The funny thing is that in August and September of that 2009 slump, Billingsley’s ERA was 4.21 – hardly Haegeresque. But no doubt many people remember his entire second half of that season as a complete collapse, and probably think he was blasted by the sixth inning of every start he made in that time. In fact, there are still people who probably think Billingsley fades in the second half every season, ignoring 2008 (2.99 ERA) and 2010 (3.00 ERA).
It was a shame that Billingsley knocked himself out of the opportunity to redeem himself in the 2009 postseason. Still, he continued rebuilding his credentials in 2010, with a 3.57 ERA and 171 strikeouts in 191 2/3 innings, enough for the Dodgers to commit $35 million to him for the next three seasons, 2012-14.
But Billingsley has been inconsistent again in 2011. In May, he had a 2.63 ERA with 41 strikeouts in 41 innings, lowering his season ERA to 3.46 at the end of the month. Since then, it’s been a mixed bag, with his ERA rising to 4.07, which would be the highest of his career if it stays there.
If Kemp were having the kind of season that Billingsley is having … well, Kemp did have that season. He had it in 2010, when everyone questioned his effort and not a few people wanted to give up on him.
Billingsley, on the other hand, does not seem to have his effort questioned, but even this year, his mental approach to the game has been challenged.
“I know he can get the job, but can he do the job.”
Billingsley’s problems might be less mysterious than all that, however. His strikeout rate has dipped for the fourth consecutive season, from 9.01 in 2008 to 8.21 in 2009, 8.03 last year and 7.46 this season – a figure that is neither bad nor great, but the trend is kind of discouraging. In the past year, his walk rate has gone up from 3.24 to 3.84, virtually as much as his strikeout rate has gone down.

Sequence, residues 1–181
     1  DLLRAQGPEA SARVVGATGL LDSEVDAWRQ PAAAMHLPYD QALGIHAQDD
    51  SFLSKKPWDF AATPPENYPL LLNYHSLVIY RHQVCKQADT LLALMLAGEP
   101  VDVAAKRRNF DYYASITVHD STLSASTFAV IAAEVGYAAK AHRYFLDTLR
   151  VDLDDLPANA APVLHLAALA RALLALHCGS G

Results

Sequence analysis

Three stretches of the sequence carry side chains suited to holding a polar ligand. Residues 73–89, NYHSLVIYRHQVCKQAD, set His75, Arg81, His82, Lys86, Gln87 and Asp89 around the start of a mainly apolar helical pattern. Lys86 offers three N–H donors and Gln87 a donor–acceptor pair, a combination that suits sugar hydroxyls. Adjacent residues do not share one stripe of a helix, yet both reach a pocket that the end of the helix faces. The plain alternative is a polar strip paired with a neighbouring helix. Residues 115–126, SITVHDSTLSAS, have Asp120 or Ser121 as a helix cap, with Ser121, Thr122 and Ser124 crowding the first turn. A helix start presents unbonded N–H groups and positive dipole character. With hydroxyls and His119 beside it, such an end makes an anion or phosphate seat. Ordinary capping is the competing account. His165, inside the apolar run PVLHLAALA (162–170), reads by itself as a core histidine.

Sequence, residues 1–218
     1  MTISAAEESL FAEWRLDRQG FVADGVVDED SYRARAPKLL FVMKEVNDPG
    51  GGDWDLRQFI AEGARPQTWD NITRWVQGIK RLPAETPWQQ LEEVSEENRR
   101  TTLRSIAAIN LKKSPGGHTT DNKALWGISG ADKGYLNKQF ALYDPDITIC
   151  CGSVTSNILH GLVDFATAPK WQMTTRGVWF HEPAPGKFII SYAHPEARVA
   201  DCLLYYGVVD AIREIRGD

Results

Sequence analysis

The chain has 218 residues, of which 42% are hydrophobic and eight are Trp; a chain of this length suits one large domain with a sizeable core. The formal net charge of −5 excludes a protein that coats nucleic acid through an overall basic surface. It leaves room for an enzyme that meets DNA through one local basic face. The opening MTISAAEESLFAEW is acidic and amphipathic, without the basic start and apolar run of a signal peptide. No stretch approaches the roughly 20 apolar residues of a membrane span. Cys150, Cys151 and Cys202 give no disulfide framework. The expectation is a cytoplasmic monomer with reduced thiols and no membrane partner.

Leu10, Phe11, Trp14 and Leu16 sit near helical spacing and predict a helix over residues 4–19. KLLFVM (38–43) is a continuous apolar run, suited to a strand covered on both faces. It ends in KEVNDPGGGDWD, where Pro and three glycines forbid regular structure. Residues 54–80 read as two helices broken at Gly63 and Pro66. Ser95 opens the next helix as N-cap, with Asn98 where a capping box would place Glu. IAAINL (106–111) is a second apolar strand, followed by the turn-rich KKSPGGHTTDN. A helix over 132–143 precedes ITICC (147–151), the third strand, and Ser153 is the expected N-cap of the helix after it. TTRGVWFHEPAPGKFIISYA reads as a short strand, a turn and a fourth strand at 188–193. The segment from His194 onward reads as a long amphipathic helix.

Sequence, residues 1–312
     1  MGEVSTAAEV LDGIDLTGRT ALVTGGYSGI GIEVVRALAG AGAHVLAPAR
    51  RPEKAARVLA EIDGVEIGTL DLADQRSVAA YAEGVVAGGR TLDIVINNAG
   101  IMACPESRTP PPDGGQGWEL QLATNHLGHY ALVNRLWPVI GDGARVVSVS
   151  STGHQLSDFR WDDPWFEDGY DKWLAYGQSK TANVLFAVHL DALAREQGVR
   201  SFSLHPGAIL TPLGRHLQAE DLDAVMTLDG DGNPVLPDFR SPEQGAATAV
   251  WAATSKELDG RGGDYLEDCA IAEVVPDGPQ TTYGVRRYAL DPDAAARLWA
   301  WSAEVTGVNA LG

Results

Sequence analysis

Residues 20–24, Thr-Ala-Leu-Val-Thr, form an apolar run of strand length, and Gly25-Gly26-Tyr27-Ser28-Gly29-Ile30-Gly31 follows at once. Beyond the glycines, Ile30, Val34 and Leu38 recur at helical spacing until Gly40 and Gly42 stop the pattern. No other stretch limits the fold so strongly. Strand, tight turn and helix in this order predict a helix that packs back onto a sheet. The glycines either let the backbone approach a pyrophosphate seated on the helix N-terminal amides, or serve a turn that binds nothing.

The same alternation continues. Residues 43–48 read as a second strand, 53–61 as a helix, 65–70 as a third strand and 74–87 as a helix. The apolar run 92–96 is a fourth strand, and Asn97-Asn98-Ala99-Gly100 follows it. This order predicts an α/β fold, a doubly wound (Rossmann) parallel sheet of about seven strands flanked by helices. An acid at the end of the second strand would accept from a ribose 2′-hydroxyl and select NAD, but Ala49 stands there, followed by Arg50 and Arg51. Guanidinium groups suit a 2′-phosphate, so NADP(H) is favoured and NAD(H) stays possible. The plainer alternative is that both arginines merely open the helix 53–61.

What does it all mean?
In direct contrast to his reputation, Billingsley has repeatedly shown the ability to come back from adversity. From the 2008 postseason, from his broken foot, from his 2009 slump, Billingsley has always found a way. But this, quietly, might be his biggest challenge of all. It might require nothing more than a tweak, or it might require something much more substantial. Can he do what Kemp did?
In the history of the Dodgers, only eight pitchers have had more strikeouts before turning 28 than Billingsley, and three of them are in the Hall of Fame. Only 13 pitchers have had a better park- and era-adjusted ERA before turning 28 than Billingsley. He is, objectively, one of the best young pitchers in more than 100 years of Dodger baseball.
Another one of those is Billingsley’s teammate Clayton Kershaw, who poses a standard that Billingsley probably won’t be able to live up to. But Billingsley’s inability to match Kershaw isn’t what will make or break him. He doesn’t have to be Kershaw-good to be good.
The question is not whether Billingsley has been a good pitcher for the Dodgers up to now. The question is whether he is slipping just as he’s entering what should be his prime. There’s every chance that he’ll bounce back to be as good as he ever was. But in the process of figuring that out, the MPP trophy seems headed his way.